About the episode
In this episode of the podcast, Prof. Mark Pennington interviews Prof. Bruce Caldwell, one of the co-authors of this recently published book Hayek: A Life.
Few twentieth-century figures have been lionized and vilified in such equal measure as Friedrich Hayek—economist, social theorist, leader of the Austrian school of economics, and champion of classical liberalism. Hayek’s erudite arguments in support of individualism and the market economy have attracted a devout following, including many at the levers of power in business and government. Critics, meanwhile, cast Hayek as the intellectual forefather of “neoliberalism” and of all the evils they associate with that pernicious doctrine.
In Hayek: A Life, historians of economics Bruce Caldwell and Hansjörg Klausinger draw on never-before-seen archival and family material to produce an authoritative account of the influential economist’s first five decades. This includes portrayals of his early career in Vienna; his relationships in London and Cambridge; his family disputes; and definitive accounts of the creation of The Road to Serfdom and of the founding meeting of the Mont Pèlerin Society.
Bruce Caldwell is research professor of economics and the director of the Center for the History of Political Economy at Duke University.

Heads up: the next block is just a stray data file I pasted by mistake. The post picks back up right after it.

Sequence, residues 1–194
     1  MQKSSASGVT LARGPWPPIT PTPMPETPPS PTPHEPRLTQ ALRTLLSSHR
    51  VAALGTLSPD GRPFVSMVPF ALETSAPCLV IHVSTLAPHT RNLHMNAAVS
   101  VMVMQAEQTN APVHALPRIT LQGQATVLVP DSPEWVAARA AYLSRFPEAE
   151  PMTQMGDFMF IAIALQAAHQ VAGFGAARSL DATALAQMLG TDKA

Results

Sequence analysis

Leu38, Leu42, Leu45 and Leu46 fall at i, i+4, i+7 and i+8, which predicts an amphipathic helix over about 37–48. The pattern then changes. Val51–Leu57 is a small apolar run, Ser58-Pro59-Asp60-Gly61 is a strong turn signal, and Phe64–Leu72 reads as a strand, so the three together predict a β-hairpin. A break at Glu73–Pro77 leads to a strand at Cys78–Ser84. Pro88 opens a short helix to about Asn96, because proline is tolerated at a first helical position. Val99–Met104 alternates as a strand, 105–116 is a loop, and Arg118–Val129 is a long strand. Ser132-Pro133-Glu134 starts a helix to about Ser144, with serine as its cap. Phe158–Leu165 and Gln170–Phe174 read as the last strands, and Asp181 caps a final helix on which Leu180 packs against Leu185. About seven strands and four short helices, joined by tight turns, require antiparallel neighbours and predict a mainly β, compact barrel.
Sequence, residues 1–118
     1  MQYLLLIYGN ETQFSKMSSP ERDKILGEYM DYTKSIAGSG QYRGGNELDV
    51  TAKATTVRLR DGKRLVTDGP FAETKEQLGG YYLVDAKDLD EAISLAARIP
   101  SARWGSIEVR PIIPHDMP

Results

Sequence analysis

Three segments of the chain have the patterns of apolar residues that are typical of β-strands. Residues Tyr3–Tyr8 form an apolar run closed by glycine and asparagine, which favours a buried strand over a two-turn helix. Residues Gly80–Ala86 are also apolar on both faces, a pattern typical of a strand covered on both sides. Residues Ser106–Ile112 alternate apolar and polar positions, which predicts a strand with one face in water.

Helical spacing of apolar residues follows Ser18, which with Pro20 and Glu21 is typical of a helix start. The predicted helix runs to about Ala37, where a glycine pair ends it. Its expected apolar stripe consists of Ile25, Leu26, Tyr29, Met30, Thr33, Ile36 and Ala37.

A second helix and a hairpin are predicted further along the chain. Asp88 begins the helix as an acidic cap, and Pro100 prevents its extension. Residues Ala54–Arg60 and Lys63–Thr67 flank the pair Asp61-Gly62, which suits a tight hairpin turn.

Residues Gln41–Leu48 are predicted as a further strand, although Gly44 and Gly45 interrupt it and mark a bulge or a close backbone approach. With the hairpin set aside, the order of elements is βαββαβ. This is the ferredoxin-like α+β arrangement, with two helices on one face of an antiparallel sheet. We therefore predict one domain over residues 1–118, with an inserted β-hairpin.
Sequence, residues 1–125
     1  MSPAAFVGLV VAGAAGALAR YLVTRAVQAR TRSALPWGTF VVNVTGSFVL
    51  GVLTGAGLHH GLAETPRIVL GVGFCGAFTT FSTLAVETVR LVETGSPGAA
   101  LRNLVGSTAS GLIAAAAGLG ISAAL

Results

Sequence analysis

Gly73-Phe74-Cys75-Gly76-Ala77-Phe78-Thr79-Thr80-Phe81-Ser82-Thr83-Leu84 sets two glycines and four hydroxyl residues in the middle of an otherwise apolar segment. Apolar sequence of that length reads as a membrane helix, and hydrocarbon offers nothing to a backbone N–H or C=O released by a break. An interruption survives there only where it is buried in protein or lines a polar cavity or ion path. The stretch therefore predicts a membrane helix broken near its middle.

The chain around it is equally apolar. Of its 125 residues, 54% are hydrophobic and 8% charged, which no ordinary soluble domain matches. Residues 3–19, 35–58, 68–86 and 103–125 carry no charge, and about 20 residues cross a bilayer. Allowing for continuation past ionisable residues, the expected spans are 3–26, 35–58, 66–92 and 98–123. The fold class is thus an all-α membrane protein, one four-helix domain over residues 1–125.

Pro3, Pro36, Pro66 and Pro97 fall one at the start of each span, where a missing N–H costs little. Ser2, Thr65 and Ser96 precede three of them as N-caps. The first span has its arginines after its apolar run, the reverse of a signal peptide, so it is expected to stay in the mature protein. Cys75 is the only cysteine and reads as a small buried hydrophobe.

Professor Caldwell’s research focuses on the history of economic thought, with a specific interest in the life and works of the Nobel Laureate economist and social theorist F. A. Hayek. He is the author of Hayek’s Challenge: An Intellectual Biography of F. A. Hayek (2004) and since 2002 has served as the general editor of the book series The Collected Works of F.A. Hayek. In 2022 he published Mont Pelerin 1947: Transcripts of the Founding Meeting of the Mont Pelerin Society as well as Hayek: A Life, 1899-1950, the first of a two-volume biography that he is writing with Hansjoerg Klausinger. In 2019-2020 he was a Distinguished Visiting Fellow at the Hoover Institution at Stanford University. He has also held research fellowships at NYU, the LSE, and Cambridge University. At Duke he is the Director of the Center for the History of Political Economy, a center whose purpose is to promote research in, and the teaching of, the history of economic thought.